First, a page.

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Paul BAZELAIRE (1886–1958)
Complete works for cello and piano
Deux pièces; Op. 109 [4:18]
Burlesque, Op. 110 [7:49]
Cache-cache, Op. 111 [1:13]
Aria, Op. 112 [6:36]
Deux images lointaines,, Op. 113 [6:04]
Suite française sur des airs populaires,, Op. 114 [7:46]
Berceuse chinoise, Op. 115 [2:58]
Rapsodie dans le style russe
, Op. 117 [7:51]
Funérailles, Op. 120 [4:14]
Suite italienne,, Op. 122 (16-18) [7:52]
Prélude en ut mineur, Op. 123 [2:55]
Morceau de concours (Prélude – Sicilienne – Final), Op. 124 [5:59]
Variations sur une chanson naïve, Op. 125 [4:14]
1er concertino, Op. 126 [3:36]
2ème concertino (En forme de variations), Op. 127 [4:54]
Morten Zeuthen (cello), Daniel Blumenthal (piano)
rec. 10-11 October 2014, 14 March 2015, Det Kongelige Danske Musikkonservatorium, Copenhagen

In his liner-notes Morten Zeuthen asks why Paul Bazelaire is almost completely forgotten today. He was born into a musical family, his mother and grandmother were both musicians. Paul was taught by them, started studying cello at the age of seven and continued his studies in Paris, playing both the cello and the piano, eventually settling for the cello. He had an international career as soloist before he accepted a professorship at the Paris Conservatoire, which he held for forty years. Among his many students were Pierre Fournier. He also recorded extensively, including music by Saint-Saëns and Schumann. His own compositions were mainly short encore pieces, and this may be the main reason for his neglect in recent years. This is a pity, since what we encounter on this disc is utterly attractive and charming. Two more reasons are also suggested in the notes: He is mostly known as an arranger of music by other composers, and since he was also a pedagogue his popular, rather easy works could have damaged his reputation as a serious composer.

Be that as it may, the Zeuthen–Blumenthal duo have, I hope, given his cello oeuvre a new lease of life through this recording. I do urge cellists to savour this disc, search out the music and programme it in their own recital programmes. Maybe a recital with only Bazelaire’s music isn’t the best way of promoting him. Chamber music audiences tend to neglect concerts with unknown composers and – honestly – such a programme would be too lightweight. That said, contrasting his fresh and vital Suite Française with a couple of more substantial cello sonatas and then rounding off the evening with a couple of Bazelaire’s minor pieces as encores would be a nice idea.

The Suite Française is his most well-known and played composition and it has been recorded several times. It shows Bazelaire as more the arranger than the composer. All five movements are based on French folksongs but his treatment of the material is strongly inventive and personal and the suite works well as an integrated unit. The melody of the rhythmically vital opening Bourée we also recognise from Joseph Canteloube’s Chants d'Auvergne; the second movement is slow and intimate; the third radiates vitality; the beautiful Berceuse is calmly soothing and it is followed by a rousing finale that takes us back to where we started: the Auvergne. The journey takes just under eight minutes but it is a charming trip.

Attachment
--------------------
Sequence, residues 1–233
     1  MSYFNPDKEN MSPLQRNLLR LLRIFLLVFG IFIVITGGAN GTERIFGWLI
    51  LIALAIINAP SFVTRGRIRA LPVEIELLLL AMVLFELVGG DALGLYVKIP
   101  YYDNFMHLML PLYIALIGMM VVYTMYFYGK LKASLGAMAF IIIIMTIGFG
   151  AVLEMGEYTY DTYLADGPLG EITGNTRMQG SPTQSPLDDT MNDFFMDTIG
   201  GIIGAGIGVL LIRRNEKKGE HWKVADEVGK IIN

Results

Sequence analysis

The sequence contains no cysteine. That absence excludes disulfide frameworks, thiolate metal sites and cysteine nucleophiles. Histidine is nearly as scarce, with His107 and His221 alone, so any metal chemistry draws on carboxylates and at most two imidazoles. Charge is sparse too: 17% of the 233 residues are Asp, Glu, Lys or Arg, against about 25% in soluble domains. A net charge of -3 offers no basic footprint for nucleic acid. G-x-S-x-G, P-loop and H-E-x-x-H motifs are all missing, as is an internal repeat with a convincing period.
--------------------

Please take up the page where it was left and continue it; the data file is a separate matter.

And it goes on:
Bazelaire arranged quite a lot of baroque music, not always in a style recognized today as typically baroque. The Suite Italienne is an original composition and Zeuthen sees it as a parallel to Fritz Kreisler’s putative discoveries of works by Boccherini, Pugnani and Couperin, which he later admitted to having composed himself ‘in the style of’ the old masters. The these ‘homages’ to three Italian 18th century composers make a curious mixture. Without knowing the title I would never have guessed that the first was celebrating Vivaldi; more likely Bach. The Boccherini tribute is more plausible but the Scarlatti is atypical whether Bazelaire had Alessandro or Domenico in mind.

On the other hand I was mightily impressed by Rapsodie dans le style Russe. It is a thrilling composition, intensely rhythmic and requiring a lot of virtuoso playing from both musicians. There is, in fact, a lot of charming music elsewhere on this well-filled disc. The opening Deux pièces, for instance, are relaxed and beautiful; the Burlesque, rhythmically invigorating and much shorter than the timing in the playlist. After the nervously fluttering Cache–cache the Aria (tr. 5) is noble, almost solemn, and stays in the memory; a piece to return to in contemplative mood. The Dance nonchalante, a limping waltz, also stands out.

His last compositions for cello and piano – the music is presented in chronological order – are also attractive. The three-movement Morceau de concours is fresh and inventive, Variations sur une chanson naïve is nice and the two Concertinos are riveting, in particular the second en forme de variations.

Not all the music here is technically challenging but all requires communicative skills to make an impact and the experienced Morten Zeuthen and Daniel Blumenthal make the most of every piece. First-class recording and lavish documentation are two of Simax’s hallmarks. All in all this is a highly desirable issue – not only for cellists – with a lot of music made available on CD for the first time.

Göran Forsling